Arlo camera

Arlo is Taking Away Security Camera Features You Paid For

When I went to purchase my first home security cameras, the Arlo Q was a no-brainer because every reviewer noted that it offered seven days of free cloud storage rather than requiring you to sign up for a subscription. Arlo actually made a packaging advertisement for it.

But on January 1st, 2024, the company’s killing that feature for many Arlo cams — and reserving the right to eliminate all cloud functionality, including email alerts, push notifications, and other “bundled services or features,” for any camera that hasn’t been manufactured for four years.

Arlo’s delivering that news in the form of a new retroactive “End-Of-Life Policy” which you can read in full below, but the short version is this:

  • If you have an Arlo Gen 3 or Arlo Pro, there are no guarantees after April 1st, 2023
  • If you have an Arlo Baby, Arlo Pro 2, Arlo Q, Arlo Q+, Arlo Lights or Audio Doorbell, there are no guarantees after January 1st, 2024
  • Email notifications and E911 emergency calling are gone after April 1st, 2023
  • “Legacy Video Storage” with AWS S3 is gone after January 1st, 2024

According to redditors who received an email from Arlo (via 9to5Google) with the new policy, you can still “live stream video, receive motion notifications, and store video clips locally with a compatible Arlo base station.” But grammatically, it’s not clear if that means the base station is required for live streaming any video at all, or just for local storage.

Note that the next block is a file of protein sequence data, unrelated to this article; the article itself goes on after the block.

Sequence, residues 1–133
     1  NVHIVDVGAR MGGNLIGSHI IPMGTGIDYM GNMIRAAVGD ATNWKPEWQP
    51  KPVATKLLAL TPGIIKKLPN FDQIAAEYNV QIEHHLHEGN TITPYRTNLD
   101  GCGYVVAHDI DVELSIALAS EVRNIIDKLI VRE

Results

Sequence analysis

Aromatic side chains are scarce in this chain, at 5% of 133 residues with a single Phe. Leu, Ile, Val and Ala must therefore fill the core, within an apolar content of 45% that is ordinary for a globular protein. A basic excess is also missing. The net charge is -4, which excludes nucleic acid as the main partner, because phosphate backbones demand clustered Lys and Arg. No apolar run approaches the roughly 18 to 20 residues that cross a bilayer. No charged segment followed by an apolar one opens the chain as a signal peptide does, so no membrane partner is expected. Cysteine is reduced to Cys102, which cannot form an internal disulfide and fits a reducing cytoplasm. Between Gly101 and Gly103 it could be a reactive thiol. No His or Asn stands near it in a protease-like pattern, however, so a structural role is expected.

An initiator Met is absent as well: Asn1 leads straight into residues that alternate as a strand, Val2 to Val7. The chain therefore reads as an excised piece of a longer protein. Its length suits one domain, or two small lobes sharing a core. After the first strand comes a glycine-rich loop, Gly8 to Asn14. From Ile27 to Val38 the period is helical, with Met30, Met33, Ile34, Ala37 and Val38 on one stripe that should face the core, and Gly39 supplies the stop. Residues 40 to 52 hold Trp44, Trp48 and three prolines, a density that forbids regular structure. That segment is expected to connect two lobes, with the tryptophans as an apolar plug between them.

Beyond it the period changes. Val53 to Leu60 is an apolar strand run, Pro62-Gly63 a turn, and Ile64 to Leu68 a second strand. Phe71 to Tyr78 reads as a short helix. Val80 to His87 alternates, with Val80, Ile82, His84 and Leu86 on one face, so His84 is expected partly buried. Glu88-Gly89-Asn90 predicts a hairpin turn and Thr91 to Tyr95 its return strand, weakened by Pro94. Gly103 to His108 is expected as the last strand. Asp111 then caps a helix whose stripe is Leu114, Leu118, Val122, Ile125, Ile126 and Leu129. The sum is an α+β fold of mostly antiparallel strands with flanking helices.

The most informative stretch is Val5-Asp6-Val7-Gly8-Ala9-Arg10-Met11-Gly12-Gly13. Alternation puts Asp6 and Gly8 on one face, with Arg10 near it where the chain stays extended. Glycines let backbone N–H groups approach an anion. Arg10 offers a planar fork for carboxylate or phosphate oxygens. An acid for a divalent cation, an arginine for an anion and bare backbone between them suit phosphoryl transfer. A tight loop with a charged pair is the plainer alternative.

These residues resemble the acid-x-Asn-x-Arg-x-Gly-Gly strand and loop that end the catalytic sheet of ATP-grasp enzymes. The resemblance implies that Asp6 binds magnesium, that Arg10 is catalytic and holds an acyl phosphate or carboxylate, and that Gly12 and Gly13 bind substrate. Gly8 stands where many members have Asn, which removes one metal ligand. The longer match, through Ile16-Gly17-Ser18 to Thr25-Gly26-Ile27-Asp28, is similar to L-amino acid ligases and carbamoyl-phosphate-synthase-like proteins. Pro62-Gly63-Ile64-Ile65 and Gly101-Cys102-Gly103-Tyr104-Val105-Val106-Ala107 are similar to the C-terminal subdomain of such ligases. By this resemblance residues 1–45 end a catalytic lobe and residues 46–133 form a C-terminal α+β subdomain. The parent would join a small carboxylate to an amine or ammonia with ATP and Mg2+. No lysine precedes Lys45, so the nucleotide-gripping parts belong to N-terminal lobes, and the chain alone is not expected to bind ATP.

I can appreciate and understand that a company might decide to stop supporting a product after a certain amount of time has passed. EOL policies and discontinuing support for products, like phones, after three to four years are both common. But these are products we install in our homes and anticipate staying there indefinitely; they are not smartphones that you replace that frequently. Once more, the feature was prominently promoted on the box: free 7-day cloud storage.

Do legal actions seem imminent? In 2018, Canary was sued for using bait-and-switch tactics when it started charging for services that were previously free. However, the lawsuit was voluntarily dismissed due to concerns about Canary’s ability to compel its customers to participate in binding arbitration. Additionally, Arlo has a policy on mandatory arbitration.

Owners of Amazon’s Cloud Cam, which also provided free 24-hour storage, at least received a free replacement device and a year of subscription service when it was discontinued. If there is enough backlash, the company might take that action.

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Source: theverge

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